• Align individual incentives with organizational incentives. As organizations switch to different payment models, clinicians and staff need incentives such as performance metrics that link to compensation to quality.

Outlook for 2014 medical cost trends and how uncertainty will lead to conservatism in the industry.
Mark D. Birdwhistell,
VP Admisistration & External Affairs,
UK HealthCare

Health Insurers

Preparing for the uncertainty of 2014 has been a major challenge for health insurers. The health insurance business model is fundamentally shifting from a wholesale approach primarily focused on group insurance to a retail approach focused on serving the growing individual market. New rules related to the ACA have prompted insurers to develop plans to meet the requirements for operating in health insurance exchanges, which will serve the 27 million individuals expected to gain insurance over the next decade.

  • Form strong partnerships with providers. As health insurers shift to payment models rewarding quality and efficiency, they should work closely with providers to hit ambitious new targets.
  • Empower consumers to make cost-efficient choices. Team up with employers to give employees information on lower-cost options. Encourage the transparency of quality measures, and provide information comparing different treatment options.
  • Focus on high-cost specialty drugs. A top concern of government and private purchasers is the growing use of expensive specialty drugs. Insurers can help push for data to manage this growing cost.
  • Provide access to high-performance networks. Offer companies new solutions to bend the cost curve. Identify and promote high-performing hospitals for complicated and costly procedures.

Pharmaceutical and Life Sciences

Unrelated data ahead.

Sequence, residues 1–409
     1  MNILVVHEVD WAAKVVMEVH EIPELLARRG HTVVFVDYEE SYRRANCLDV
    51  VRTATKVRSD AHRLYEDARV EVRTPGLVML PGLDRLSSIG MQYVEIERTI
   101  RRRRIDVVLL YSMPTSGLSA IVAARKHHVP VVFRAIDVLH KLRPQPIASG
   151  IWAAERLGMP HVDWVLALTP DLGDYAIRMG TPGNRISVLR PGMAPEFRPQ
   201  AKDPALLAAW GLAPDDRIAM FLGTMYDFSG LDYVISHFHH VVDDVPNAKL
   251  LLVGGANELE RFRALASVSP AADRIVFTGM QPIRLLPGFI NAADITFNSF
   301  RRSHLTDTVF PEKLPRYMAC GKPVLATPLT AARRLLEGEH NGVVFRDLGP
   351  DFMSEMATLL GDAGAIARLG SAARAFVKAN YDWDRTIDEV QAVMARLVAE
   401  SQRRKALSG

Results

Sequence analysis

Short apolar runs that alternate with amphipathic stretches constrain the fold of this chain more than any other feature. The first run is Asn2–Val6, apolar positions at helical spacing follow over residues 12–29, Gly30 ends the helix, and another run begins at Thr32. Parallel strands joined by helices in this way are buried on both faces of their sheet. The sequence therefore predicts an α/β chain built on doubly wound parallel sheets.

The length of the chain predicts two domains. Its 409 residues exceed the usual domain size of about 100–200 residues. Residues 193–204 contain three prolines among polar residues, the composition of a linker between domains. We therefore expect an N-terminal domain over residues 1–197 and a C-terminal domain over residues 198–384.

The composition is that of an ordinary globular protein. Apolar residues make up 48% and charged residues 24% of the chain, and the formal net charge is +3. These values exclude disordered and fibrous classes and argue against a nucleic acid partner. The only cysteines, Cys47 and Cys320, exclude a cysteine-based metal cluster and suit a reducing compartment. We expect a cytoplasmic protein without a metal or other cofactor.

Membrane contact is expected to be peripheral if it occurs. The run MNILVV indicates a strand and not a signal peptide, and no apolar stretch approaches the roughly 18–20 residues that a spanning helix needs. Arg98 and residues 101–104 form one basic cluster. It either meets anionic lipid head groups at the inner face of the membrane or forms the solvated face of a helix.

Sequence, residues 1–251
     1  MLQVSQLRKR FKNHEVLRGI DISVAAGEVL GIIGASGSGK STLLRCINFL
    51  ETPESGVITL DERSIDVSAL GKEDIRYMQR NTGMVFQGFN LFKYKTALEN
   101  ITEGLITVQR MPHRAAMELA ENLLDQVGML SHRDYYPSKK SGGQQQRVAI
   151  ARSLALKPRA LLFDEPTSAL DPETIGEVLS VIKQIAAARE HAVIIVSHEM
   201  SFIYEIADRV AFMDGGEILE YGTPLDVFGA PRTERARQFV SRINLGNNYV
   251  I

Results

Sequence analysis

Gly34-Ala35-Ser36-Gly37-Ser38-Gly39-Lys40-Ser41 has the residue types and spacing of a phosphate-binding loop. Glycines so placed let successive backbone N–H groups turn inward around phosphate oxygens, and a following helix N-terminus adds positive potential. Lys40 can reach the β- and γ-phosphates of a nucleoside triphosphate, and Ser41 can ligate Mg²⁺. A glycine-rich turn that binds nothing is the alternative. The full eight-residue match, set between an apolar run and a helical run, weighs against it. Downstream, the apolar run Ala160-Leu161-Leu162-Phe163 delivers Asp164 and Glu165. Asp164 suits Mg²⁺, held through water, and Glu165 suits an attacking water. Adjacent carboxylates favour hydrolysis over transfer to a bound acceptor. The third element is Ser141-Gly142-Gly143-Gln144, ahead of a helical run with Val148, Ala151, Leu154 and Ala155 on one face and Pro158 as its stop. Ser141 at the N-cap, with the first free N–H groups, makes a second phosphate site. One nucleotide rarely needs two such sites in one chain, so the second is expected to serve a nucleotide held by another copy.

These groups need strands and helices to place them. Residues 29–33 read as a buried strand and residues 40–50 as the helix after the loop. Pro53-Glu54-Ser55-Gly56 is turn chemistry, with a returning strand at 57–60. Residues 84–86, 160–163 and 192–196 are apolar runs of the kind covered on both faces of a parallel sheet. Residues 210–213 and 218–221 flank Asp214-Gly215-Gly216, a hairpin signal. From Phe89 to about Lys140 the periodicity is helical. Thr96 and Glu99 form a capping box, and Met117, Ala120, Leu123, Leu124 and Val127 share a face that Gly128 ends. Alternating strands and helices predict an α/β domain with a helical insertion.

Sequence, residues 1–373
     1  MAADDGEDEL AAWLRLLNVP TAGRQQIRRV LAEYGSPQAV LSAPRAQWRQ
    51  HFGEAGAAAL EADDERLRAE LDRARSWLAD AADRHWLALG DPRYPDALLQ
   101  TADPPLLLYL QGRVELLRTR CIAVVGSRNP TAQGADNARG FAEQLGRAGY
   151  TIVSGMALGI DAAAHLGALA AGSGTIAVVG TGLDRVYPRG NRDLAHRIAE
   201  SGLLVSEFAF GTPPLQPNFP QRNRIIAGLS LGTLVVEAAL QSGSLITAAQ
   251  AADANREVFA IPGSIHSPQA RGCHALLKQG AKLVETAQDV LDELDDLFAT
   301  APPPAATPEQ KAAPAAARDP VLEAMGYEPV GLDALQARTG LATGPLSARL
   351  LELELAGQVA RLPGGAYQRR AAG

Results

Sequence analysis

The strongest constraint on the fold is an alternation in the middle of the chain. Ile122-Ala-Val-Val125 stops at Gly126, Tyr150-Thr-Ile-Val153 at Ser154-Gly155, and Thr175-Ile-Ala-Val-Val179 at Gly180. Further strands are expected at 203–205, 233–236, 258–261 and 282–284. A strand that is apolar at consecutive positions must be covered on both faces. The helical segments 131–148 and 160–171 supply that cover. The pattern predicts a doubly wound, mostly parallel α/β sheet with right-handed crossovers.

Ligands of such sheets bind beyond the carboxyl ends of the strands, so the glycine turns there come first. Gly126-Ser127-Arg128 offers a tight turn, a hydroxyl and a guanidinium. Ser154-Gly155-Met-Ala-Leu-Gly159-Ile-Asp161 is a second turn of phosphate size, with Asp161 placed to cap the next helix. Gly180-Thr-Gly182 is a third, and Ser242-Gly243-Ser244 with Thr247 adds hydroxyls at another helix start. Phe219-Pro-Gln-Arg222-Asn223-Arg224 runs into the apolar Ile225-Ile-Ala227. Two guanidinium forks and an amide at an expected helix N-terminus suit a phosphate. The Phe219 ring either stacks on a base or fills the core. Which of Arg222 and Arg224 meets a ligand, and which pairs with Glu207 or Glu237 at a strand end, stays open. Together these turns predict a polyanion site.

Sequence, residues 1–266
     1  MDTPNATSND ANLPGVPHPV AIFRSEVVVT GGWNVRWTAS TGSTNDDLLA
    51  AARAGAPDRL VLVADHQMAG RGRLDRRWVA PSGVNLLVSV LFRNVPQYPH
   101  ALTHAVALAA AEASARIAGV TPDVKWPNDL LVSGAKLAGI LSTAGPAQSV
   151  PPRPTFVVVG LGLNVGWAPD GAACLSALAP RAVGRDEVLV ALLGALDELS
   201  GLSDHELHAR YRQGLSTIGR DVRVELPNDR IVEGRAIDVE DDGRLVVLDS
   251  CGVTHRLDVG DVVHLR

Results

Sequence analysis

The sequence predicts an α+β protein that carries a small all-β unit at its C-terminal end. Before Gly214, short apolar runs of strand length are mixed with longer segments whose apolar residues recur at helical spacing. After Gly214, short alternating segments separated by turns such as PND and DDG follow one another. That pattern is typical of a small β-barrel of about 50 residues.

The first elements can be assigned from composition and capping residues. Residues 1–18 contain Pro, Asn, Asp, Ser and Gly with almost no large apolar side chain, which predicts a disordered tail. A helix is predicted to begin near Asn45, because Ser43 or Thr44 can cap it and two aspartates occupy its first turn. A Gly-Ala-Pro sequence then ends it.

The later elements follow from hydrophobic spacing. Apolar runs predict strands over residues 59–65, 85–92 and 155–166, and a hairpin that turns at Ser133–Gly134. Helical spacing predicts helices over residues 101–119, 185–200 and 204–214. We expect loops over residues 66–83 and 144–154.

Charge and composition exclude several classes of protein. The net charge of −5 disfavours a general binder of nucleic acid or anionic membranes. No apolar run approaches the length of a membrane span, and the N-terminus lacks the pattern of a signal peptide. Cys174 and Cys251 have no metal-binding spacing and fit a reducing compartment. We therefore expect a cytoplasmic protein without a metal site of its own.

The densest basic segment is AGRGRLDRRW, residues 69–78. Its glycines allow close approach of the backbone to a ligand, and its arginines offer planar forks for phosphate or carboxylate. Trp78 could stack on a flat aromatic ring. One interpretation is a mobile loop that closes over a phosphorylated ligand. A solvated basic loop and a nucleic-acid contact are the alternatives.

Pharmaceutical and life sciences companies have been realigning business strategies to address the new environment of constrained growth. One recent HRI survey found that 35% of life sciences companies have revamped their R&D models in the past three years. Those models are now focused more on partnerships, alliances, and even outsourcing. The need to demonstrate cost-effectiveness has prompted companies to invest in clinical informatics and health economics analytics teams. 

  • Get closer to insurers and providers. Collaborative relationships that demonstrate effective outcomes enable drug makers to address challenges early in the development process and adapt drug design and payment methods to make them attractive to purchasers.
  • Follow pharmacy benefit decisions. Which drugs are covered will vary significantly from state to state and plan to plan. Drug makers will need to assess how the pharmacy benefit differs in each exchange and develop an appropriate strategy to get their products covered.
  • Evaluate data and apply to R&D processes. The push for cost-effective medications continues. Drug makers must continually demonstrate the value of their products with compelling cost and quality studies.
  • Understand how companion diagnostics affect drug treatment decisions. Companion diagnostics offer the promise of targeted therapies and reduced spending on treatments that may not be effective for certain individuals.